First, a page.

Before learning about Indefinite Relative Pronouns, you need to understand the Relative Pronouns: qui, que, dont.
"Ce" is an indefinite pronoun (sometimes called a neutral pronoun). When "ce" is used in combination with qui, que or dont, it gives the indefinite relative pronouns: ce qui, ce que or ce dont.
In English, they can be translated as "which", "what" or "that".
Unlike the relative pronouns qui/ que/ dont, the indefinite relative pronouns ce qui/ ce que/ ce dont do not refer to a specific noun already mentioned. In effect, you could think of them as "la chose qui...", "la chose que..." and "la chose dont..." (the thing that...)
What is the difference between ce qui/ ce que/ ce dont?
CE QUI is the subject of the verb which follows it. Example: Il ne sait plus ce qui est bon pour lui.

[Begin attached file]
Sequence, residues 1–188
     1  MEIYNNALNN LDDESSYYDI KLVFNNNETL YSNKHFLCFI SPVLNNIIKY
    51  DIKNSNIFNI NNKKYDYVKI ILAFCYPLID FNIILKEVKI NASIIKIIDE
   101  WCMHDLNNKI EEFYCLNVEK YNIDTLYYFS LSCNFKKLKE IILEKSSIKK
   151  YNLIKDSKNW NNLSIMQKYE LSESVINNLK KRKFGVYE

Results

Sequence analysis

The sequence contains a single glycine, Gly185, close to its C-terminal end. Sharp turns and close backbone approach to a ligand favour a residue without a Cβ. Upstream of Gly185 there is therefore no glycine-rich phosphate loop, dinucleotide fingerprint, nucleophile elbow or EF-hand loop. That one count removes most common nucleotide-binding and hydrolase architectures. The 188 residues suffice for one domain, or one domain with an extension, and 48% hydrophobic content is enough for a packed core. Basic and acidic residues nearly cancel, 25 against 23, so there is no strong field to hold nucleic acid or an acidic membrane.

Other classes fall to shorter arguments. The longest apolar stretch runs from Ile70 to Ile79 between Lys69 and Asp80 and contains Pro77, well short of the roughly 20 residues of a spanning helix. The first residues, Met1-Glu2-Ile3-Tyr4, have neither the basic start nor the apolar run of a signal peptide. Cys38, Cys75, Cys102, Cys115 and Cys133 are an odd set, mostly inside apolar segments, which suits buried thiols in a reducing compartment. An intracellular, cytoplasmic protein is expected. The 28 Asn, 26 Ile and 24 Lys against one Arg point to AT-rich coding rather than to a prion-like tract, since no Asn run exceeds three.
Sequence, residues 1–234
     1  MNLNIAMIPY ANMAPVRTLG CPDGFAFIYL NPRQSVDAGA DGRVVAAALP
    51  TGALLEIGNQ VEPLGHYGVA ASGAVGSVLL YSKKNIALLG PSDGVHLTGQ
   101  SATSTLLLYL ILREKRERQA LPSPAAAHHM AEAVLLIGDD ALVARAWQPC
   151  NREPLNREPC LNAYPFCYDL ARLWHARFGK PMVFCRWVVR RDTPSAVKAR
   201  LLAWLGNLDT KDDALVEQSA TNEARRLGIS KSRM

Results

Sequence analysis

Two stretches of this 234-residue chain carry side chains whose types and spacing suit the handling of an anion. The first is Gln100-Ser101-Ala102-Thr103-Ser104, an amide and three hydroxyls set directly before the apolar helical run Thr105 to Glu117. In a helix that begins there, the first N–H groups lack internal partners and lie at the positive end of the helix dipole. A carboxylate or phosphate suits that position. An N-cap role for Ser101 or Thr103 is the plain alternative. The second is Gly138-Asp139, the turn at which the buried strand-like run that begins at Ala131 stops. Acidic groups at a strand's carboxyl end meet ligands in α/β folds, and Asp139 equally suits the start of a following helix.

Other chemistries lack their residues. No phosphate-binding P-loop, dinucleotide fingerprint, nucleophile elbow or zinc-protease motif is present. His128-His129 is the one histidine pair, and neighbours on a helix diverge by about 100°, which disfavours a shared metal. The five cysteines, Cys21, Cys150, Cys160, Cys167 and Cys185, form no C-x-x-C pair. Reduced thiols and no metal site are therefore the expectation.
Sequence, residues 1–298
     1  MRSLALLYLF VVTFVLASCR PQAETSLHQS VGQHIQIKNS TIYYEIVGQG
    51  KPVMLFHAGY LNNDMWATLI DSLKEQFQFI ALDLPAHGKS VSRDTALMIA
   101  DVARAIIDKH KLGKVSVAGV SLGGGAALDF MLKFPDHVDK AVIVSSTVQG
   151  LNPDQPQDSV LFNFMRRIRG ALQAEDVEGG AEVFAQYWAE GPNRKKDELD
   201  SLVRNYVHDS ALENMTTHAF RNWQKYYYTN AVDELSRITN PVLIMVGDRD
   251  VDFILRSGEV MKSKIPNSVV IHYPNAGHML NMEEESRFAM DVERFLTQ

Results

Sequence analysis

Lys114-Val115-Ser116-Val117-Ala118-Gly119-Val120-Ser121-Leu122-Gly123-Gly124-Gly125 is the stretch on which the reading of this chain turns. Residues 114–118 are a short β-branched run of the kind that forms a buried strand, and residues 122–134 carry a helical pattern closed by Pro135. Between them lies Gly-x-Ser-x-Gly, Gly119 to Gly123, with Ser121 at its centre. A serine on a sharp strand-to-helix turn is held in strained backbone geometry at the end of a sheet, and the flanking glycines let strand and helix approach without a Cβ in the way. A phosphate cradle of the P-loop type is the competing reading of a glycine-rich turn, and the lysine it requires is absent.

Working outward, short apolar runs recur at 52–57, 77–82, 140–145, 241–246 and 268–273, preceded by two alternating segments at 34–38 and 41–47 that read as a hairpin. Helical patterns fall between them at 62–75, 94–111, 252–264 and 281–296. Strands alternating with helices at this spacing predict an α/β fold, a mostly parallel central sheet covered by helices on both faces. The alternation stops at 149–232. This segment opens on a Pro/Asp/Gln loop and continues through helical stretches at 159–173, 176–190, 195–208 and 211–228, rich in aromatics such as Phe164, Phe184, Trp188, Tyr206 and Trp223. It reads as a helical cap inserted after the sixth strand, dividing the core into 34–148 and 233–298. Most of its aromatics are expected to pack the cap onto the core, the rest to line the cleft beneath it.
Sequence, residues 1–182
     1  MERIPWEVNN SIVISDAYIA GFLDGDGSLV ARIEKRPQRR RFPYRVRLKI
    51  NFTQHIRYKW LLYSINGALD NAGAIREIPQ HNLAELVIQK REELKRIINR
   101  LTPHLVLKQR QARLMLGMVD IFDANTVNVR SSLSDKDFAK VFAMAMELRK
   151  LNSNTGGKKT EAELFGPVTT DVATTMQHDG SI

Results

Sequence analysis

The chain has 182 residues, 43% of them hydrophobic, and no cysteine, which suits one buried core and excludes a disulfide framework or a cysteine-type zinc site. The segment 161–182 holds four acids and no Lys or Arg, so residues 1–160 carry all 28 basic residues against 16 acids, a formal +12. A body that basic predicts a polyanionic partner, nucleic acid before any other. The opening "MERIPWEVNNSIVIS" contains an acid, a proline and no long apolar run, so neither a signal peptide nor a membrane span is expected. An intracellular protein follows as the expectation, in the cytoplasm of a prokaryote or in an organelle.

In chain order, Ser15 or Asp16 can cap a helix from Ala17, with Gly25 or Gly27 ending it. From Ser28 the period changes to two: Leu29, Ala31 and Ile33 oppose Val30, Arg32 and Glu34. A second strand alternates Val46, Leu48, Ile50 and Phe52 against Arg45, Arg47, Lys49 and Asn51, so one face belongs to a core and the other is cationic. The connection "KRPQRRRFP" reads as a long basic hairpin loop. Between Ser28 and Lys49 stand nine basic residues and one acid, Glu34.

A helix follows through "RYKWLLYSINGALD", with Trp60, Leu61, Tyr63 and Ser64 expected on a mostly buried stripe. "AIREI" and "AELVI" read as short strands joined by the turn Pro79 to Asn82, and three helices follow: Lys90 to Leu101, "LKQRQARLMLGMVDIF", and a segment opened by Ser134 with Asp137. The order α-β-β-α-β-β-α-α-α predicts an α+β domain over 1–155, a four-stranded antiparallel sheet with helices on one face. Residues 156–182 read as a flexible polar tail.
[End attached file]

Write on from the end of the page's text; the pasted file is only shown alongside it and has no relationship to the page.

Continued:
He no longer knows what is good for him.
CE QUE or CE QU' is used as a direct object. It is generally followed by a subject and a verb. Example: Il peut dire ce qu'il veut, je ne l’écoute pas.
He can say what he wants, I’m not listening to him.
CE DONT is used as the object of the preposition de. Example: Vous ne comprenez pas ce dont j'ai besoin.
You don't understand what I need.
Stressing a point
The construction ce qui / ce que / ce dont + c’est /ce sont can be used to stress a point.
Example: Ce qui est dommage, c'est qu'il ne viendra pas.
What is a pity is that he will not come.
Example: Ce que j'aime, c'est partir à l'étranger What I like is going abroad Example: Ce dont nous avons peur c’est du chien. What we are scared of is the dog.
Referring back to a whole sentence
When used after a comma, ce qui/ ce que/ ce dont refer to a concept or an idea that has just been mentioned.
Example: Elle doit beaucoup réviser pour son examen, ce qui est difficile.
She has to revise a lot for her exam, which is difficult.
In this example, it's not the exam itself that is difficult, but the fact that she has to revise a lot for it.
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